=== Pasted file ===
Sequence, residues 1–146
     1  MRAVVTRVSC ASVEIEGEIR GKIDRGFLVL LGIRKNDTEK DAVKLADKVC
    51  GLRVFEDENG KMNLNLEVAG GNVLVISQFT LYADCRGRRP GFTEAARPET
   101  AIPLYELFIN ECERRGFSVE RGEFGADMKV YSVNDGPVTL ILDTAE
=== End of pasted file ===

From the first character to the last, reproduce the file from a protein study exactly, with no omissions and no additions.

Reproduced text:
Sequence, residues 1–146
     1  MRAVVTRVSC ASVEIEGEIR GKIDRGFLVL LGIRKNDTEK DAVKLADKVC
    51  GLRVFEDENG KMNLNLEVAG GNVLVISQFT LYADCRGRRP GFTEAARPET
   101  AIPLYELFIN ECERRGFSVE RGEFGADMKV YSVNDGPVTL ILDTAE